Research & Analysis

The World This Week: Joe Biden as the new American President, Pan-European measures against Islamic Extremism, and a Civil-Military divide over Myanmar elections

The US: Joe Biden will be the new American President. And Kamala Harris the Vice-President.

What happened?
After four days of tensed vote counting, Joe Biden, the Democratic candidate has won the 2020 Presidential election against Donald Trump. The counting got delayed, because of the heavy postal ballots. 

Joe Biden, in his first speech as the President-Elect, addressed the need first to unite the US within. He made an explicit point that there are no Blue and Red States, only the United States. Besides addressing the political red and blue divide in terms of the Democrats and the Republicans, he also mentioned the need to restore to the soul of America, heal the country and push the harsh rhetoric away. There was no gloating in his speech against Donald Trump. Though he did not talk about the global issues, in his first speech, he did mention about making the US respected again internationally.

Kamala Harris, the Vice President-elect, emphasized on the need to protect the democracy, and build a better future together. She referred to the sorrows, sacrifice and the pain of people during the last few months (referring to the COVID). Kamala Harris also underlined the role of women in the elections and their role in taking the US into the future. She referred to her ethnic background, talked about her mother, who came to the US at the age of 19 and referred to the Black, Asian, Latino and Native American women as the backbone of the democracy. “Tonight, I reflect their struggle. I stand on their shoulders.” She also stated, “I may be the first woman in this office. But, I’ll not be the last”. In a nutshell, Kamala Harris referred to the need to bring everyone, who have made the US their home.

There has been no response from the Trump campaign so far. A few tweets earlier by Trump has not given any indication, that he would accept the verdict gracefully, and leave the White House. (Not until, this Alert goes online on Sunday morning, Indian time)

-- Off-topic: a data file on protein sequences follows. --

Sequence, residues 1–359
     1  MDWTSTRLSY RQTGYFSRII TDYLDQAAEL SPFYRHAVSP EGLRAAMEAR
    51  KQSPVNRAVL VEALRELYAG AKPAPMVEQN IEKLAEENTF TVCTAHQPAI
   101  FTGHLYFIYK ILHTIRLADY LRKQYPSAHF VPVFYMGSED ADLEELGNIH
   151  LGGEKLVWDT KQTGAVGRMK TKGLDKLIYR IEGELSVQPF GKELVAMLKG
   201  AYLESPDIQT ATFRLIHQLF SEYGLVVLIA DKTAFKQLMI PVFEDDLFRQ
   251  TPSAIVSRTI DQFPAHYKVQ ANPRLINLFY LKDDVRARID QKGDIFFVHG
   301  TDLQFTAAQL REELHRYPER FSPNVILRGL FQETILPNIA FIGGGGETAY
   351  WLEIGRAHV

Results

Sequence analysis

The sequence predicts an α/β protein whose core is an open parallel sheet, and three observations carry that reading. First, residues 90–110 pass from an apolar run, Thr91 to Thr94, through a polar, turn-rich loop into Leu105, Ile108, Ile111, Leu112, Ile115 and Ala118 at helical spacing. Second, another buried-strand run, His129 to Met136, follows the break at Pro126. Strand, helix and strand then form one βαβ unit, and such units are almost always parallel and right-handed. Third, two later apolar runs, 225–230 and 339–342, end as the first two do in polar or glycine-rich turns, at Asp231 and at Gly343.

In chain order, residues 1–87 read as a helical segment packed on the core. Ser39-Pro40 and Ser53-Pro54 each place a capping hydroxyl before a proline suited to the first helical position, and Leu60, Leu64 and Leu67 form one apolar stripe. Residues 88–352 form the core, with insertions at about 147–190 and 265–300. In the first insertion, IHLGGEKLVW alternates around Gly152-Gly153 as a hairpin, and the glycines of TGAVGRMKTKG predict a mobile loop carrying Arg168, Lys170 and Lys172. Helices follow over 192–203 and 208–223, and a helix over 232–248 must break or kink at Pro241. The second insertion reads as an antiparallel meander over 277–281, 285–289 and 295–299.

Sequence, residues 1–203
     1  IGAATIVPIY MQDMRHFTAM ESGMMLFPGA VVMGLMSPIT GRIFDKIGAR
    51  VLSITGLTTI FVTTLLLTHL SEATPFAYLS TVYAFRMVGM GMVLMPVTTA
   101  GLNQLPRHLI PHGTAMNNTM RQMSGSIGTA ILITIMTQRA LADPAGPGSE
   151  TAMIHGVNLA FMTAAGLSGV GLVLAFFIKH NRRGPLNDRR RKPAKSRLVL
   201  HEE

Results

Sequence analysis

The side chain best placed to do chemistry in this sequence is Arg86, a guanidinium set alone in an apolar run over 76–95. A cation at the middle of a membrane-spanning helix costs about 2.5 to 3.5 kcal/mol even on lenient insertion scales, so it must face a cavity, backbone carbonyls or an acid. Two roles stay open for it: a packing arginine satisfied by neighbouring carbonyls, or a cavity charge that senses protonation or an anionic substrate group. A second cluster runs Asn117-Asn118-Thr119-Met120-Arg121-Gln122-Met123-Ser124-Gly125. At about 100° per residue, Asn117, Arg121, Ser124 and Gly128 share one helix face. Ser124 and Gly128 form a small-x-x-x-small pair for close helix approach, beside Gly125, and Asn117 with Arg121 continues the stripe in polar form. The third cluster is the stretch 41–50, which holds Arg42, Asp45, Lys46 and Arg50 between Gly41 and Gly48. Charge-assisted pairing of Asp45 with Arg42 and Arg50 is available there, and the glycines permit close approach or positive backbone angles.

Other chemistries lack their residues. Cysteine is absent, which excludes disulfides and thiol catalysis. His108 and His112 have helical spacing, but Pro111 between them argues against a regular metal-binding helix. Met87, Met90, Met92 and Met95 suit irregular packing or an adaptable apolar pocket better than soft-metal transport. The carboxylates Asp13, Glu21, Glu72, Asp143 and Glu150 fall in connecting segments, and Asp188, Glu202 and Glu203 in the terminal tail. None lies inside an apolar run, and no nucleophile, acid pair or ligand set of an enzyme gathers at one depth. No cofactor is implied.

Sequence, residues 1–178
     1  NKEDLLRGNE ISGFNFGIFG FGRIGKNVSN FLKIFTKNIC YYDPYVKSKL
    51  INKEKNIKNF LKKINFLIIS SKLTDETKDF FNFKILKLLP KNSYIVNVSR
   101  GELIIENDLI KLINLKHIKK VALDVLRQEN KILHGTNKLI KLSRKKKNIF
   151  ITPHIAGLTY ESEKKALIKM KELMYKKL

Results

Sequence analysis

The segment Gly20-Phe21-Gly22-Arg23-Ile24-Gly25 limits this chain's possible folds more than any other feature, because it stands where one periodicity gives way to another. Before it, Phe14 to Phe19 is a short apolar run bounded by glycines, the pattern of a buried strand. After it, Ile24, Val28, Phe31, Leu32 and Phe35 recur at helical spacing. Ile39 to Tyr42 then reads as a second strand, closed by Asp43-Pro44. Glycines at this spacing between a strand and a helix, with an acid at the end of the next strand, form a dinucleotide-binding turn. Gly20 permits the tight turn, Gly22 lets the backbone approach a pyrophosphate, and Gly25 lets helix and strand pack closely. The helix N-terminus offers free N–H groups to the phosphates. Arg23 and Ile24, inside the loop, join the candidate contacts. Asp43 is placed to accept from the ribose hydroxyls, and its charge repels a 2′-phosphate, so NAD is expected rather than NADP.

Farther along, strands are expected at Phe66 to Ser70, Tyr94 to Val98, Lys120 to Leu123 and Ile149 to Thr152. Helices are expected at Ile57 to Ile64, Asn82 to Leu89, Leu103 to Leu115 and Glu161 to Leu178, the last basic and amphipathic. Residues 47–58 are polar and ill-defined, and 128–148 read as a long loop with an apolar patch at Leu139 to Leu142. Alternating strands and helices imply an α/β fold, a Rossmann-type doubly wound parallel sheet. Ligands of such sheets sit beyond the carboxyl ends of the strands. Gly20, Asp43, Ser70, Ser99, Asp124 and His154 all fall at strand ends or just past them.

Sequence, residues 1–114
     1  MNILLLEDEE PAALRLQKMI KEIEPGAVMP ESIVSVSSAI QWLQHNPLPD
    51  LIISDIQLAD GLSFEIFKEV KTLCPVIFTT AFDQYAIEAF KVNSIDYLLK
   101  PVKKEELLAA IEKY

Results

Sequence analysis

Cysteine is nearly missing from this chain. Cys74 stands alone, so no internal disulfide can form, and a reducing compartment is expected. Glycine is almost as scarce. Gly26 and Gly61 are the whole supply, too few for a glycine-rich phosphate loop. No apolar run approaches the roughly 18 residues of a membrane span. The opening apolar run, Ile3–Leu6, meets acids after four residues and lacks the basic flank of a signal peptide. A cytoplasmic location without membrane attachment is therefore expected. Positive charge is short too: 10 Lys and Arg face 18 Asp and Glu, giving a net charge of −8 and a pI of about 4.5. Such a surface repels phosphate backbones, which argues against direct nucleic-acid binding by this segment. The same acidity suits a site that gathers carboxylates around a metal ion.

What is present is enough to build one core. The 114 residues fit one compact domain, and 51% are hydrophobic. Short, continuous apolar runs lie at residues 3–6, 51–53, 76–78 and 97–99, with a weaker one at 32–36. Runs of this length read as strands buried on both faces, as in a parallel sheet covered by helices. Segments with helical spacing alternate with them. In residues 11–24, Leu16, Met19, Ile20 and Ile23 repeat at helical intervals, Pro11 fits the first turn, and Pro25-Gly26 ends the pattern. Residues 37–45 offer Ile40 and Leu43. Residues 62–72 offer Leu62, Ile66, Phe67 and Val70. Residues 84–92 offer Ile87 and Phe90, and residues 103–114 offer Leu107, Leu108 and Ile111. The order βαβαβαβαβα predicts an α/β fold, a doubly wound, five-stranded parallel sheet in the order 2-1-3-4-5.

What is the background?
First, the 2020 US Presidential election was a tough one. A record number of Americans turned out to vote in person, and also through postal ballots. The counting delayed, primarily due to the second factor. The voting pattern also ensured that there was no swing in favour of either Biden or against Trump, during the first three days. It meant every single vote needs to be counted until the end to declare the winner. 

Second, Biden may have got enough votes to become the next President, but the Democrats have not swept either the Senate or the House. In the 100 seats Senate, as on Sunday morning, the Democrats and Senate are tied with 48 seats each. In the House, the Democrats have secured 215 seats so far, while the Republicans have 196. The Democrats would need three more in the Senate and four more in the House to have a majority. For the new President, a Democrat majority in the US Congress would be important, if he has to take the US forward – internally, and also with the rest of the world.

Third, a confrontational approach by Donald Trump so far. Until Saturday, Trump has been talking of “stealing the vote” and fraud, especially in the postal ballots. His campaign has also filed a few cases to stop the counting, citing fraud though without any clear evidence. The primary question, as the counting comes to an end is: will Trump leave the White House gracefully?

What does it mean?
First, Biden will have to address the domestic expectations from him, and also address the internal divide. While the final vote may have pushed Biden to be the next President, there was no “wave” against Donald Trump. A substantial percentage has voted for Trump; this would mean, they believe in what Trump has been selling them in terms of making America great again. Today, the US stands polarised within, than it has been ever before. Restoring the soul of the US, and “making America the beacon of the world” as Biden commented is not going to be an easy task. 

Second, Trump’s legacy at the international level. Biden’s statement made – that he would make the US respected again at the global level, is also not going to be an easy task for the new President. Trump has derailed many global commitments that the US has made earlier – from climate change to trade. Trump’s policy towards China, the Middle East (especially Iran) and Russia – will pose tough questions to the new President. Also, Trump’s handling of the American allies – especially Canada and Europe, means Biden will have to rebuild relations not only with adversaries but also with the allies.

Tough task. But not insurmountable.


Europe: Austria and France seek pan-European measures against Islamic Extremists 

What happened?
On 5 November, Austrian and French officials said that they are planning a joint campaign to push for European Union-wide measures against Islamic extremism. This comes in the wake of terrorist attacks during recent weeks in both countries.